Source: Sherman Publications

Downtown heritage attracts conference

by Andrea Beaudoin

September 18, 2013

Community leaders from throughout Oakland County converged on Clarkston, Sept. 13, to learn from the city's downtown success.

“Downtown Clarkston is a great place,” said Bret Rasegan, Oakland County planning supervisor. “The community is what we feel is important to maintain quality of life in Oakland County.”

Rasegan said Clarkston was chosen for the Oakland County Heritage Conference on Managing Success due to its great downtown area.

Longtime Oakland County Executive L. Brooks Patterson kicked off the 16th annual event and welcomed visitors to Clarkston after registration and a continental breakfast at The Clarkston Union.

After breakfast, several speakers took to the podium to address attendees including Scott Day from Urban Development Services who gave a keynote speech called “Too Successful to Succeed.”

City Manager Carol Eberhardt also addressed a room full of participates at the Clarkston Union and spoke about what makes Clarkston successful.

“I’d guess you’d say out history. Perhaps it’s our architecture, our streets of beautifully maintained homes and downtown shopping district. Add to the mix our Mill Pond and park, the gardens the planters. Visually we are beautiful.”

“Literally 100’s of volunteers work year-round to ensure the quality of life is vital and thriving,” said Eberhardt.

Several educational and informative sessions and tours took place throughout the day.

Sessions included managing traffic congestion, trout streams in southern Michigan, Woodward Dream Cruise, and Flint Farmers Market.

Before a noon lunch at the Clarkston Woodshop, visitors chose between a haunted history tour of Clarkston or learning about the many historic buildings in the community.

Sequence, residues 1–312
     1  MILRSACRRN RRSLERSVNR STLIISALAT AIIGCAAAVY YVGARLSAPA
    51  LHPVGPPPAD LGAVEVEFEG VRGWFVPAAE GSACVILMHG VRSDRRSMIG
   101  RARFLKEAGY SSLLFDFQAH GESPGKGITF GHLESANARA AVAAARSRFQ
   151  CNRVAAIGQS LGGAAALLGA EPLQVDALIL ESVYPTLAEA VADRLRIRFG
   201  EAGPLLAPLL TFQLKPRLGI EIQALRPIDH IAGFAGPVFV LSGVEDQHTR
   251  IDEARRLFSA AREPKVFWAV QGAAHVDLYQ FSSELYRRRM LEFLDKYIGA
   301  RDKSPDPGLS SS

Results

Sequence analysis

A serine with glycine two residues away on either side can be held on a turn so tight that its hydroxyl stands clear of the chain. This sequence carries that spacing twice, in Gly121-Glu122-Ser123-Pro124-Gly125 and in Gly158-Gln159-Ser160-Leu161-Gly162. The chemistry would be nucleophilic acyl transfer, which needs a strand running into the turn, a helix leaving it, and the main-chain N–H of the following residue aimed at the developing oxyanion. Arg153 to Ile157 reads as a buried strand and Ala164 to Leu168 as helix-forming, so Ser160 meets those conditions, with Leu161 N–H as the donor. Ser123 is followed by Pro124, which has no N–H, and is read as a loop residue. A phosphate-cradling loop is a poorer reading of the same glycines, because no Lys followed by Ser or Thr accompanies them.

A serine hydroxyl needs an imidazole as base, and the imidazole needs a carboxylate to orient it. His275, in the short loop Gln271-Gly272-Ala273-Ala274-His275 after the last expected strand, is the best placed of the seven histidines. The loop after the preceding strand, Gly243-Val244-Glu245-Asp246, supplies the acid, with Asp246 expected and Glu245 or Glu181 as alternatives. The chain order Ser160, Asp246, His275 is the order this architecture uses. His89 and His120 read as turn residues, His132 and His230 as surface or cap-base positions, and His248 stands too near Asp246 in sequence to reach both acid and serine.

Cara Catallo of the Clarkston’s Historic District Commission spoke about several downtown buildings included in the tour. One of those buildings included the Union, which was the oldest church building in town.

It always brought the community together, and that’s why the restaurant and bar it is now is called “The Union,” said Catallo.

Attendee Bruce Parkinson from the Oakland Township Historic District Commission said he came to the conference to learn how he can create a sense of place in his community.

“I also came to look for new ideas and to help bring people into the community,” he said.

Elizabeth Iszler, who works as design manager for Wayne County Parks, said she was interested in the historic topics featured during the conference. “I am also hoping to learn how to attract people,” said Iszler.

An “Afterglow” party after the conference, catered by Essence on Main, was at Clarkston Mayor Joe Luginski’s house.

The event was sponsored by the Oakland County Historical Commission, Clarkston Community Historical Society, Clarkston Area Chamber of Commerce, Essence on Main and Oakland County Economic Development and Community Affairs.